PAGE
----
Try to turn the user journey into an arcade adventure to keep the users engaged with your product.

Think of it like playing a mobile game:

If there is nothing to accomplish, people will get bored, tired, and discouraged quicker than you can imagine.

I’m of course not telling you to turn your product into a game. It’s not that complicated, don’t worry. I’m talking about giving a prize for some important steps the user takes.

For instance:

  • If your product helps people organize their tasks, give them access to adding more team members as soon as they hit the 3-months-of-usage mark.
  • If your product helps people find movie recommendations, give them access to pro-reviews as soon as they watch 10 movies via your product.
  • If your product is a bit too complicated to give anything away for free, give them 2 hours access to the premium version as soon as they reach an important point in their product adoption journey.

Quick Summary:

  • Point out the tasks to the users
  • Turn the tasks into challenges
  • Reward the users for each accomplishment

But how do you know which tasks will be effective as challenges?

That’s up to your product, but don’t worry, there are a few things that are the same for all products:

#6 – Set the first goal to Aha! Moment

First things first, what is the Aha! Moment?

The ‘’Aha! Moment’’ is the point where the customer understands the value of your product and decides whether to adopt it or not.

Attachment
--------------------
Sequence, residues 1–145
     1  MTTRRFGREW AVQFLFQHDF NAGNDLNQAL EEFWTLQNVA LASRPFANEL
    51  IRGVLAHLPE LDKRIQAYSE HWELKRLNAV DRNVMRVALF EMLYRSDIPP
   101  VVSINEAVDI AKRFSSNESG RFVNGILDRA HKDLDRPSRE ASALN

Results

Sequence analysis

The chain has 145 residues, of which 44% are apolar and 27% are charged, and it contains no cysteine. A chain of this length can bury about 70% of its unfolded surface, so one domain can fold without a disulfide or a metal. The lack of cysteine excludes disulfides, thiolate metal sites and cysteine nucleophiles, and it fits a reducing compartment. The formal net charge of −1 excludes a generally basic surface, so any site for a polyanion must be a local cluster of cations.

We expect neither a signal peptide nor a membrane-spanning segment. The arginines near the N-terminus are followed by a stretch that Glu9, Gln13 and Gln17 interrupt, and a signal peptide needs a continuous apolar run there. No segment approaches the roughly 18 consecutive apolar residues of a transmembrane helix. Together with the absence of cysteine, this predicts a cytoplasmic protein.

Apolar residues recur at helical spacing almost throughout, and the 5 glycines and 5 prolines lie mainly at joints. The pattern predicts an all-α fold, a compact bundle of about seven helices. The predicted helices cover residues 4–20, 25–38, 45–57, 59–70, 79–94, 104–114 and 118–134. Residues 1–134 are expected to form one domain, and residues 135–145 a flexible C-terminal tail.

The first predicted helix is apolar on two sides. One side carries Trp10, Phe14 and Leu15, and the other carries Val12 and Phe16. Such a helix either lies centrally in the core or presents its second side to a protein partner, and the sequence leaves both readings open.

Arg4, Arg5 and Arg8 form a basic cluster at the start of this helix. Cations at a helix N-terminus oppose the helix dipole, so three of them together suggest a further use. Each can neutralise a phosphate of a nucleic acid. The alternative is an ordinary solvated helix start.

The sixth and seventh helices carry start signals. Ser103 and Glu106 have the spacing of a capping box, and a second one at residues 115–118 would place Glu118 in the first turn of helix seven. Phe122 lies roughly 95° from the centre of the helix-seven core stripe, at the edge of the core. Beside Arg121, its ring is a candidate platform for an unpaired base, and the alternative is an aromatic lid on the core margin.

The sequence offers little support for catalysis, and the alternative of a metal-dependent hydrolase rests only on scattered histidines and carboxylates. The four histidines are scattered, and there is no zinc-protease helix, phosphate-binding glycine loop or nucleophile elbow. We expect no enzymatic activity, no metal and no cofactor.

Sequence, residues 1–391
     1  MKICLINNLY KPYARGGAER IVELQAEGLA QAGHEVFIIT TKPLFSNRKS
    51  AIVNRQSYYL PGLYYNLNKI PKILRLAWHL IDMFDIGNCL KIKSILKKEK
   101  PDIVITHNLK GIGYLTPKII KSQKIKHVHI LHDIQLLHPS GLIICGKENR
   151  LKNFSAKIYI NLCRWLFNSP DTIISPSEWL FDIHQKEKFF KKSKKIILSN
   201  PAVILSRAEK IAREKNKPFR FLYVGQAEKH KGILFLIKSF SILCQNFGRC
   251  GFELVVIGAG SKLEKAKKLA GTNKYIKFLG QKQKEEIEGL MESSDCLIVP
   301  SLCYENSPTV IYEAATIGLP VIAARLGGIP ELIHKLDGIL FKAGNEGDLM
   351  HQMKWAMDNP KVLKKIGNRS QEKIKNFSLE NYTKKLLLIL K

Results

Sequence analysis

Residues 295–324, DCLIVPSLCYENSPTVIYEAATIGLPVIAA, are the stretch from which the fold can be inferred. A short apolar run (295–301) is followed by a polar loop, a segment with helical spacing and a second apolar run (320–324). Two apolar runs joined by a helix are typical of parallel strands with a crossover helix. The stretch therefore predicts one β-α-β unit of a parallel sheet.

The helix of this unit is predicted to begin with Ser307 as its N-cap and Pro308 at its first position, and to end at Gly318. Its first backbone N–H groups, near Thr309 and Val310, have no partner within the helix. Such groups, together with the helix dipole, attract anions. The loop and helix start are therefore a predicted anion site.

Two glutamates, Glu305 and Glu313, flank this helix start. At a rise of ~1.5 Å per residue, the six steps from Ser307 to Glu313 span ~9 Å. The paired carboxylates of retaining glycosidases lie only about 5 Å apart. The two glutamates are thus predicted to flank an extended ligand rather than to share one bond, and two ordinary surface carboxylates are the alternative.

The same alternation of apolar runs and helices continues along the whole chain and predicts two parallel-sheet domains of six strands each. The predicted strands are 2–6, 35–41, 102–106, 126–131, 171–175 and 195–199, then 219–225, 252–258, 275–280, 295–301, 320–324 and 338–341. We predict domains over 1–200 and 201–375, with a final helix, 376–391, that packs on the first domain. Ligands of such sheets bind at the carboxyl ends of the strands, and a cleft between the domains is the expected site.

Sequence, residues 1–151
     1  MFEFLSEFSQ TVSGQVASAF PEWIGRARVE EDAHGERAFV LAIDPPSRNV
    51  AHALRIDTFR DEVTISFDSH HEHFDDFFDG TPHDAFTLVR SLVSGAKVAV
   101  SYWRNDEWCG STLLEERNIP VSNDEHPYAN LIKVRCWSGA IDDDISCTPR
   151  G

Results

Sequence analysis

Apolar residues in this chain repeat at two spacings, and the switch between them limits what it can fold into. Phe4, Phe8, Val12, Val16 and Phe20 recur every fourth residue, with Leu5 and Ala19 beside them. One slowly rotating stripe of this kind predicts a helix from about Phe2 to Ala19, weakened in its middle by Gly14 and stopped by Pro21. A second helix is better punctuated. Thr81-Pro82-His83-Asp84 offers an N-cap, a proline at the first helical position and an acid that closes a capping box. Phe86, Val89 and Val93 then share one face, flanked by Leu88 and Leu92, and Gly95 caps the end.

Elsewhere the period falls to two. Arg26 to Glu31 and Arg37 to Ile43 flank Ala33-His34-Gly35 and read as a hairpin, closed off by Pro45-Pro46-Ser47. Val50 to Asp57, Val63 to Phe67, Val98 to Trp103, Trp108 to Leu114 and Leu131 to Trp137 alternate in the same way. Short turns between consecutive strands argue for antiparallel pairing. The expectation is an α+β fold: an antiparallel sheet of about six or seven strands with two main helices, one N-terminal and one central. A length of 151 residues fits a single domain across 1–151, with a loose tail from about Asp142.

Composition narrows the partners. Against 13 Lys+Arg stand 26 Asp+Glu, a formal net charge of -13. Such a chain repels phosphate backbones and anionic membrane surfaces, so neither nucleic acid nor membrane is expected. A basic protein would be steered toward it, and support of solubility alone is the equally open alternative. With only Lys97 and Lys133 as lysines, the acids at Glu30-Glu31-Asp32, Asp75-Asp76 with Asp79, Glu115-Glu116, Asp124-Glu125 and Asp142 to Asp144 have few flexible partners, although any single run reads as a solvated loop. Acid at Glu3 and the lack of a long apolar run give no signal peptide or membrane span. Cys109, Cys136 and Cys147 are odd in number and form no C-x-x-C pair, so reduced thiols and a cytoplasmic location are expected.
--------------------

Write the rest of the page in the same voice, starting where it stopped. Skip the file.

Now it should make sense why this should be the first stop of your ‘’task-challenge’’ process.

The sooner the user gets to the ”Aha!” Moment, the more likely they will be to adopt it.

Let me show you an example on how to do it successfully:

Pinterests's aha moment module

If you are signing up on Pinterest, this is the first screen you see after creating your account. They want you to engage with other accounts that can help you engage with the product.

Genius!

If this step didn’t exist, you would either see a blank feed that doesn’t seem appealing, or some random things that don’t interest you at all – leading to a loss of interest in the product.

As you get recommendations for people to follow, you start getting value from it, and spend more time in it.

As you spend more time on the product, you feel how much the product brings you, and you reach your Aha! Moment.

As you reach your Aha! Moment, you decide not to delete the app, like and post in it, and even recommend it after a while.

This is what Pinterest wanted you to do when they showed you that page.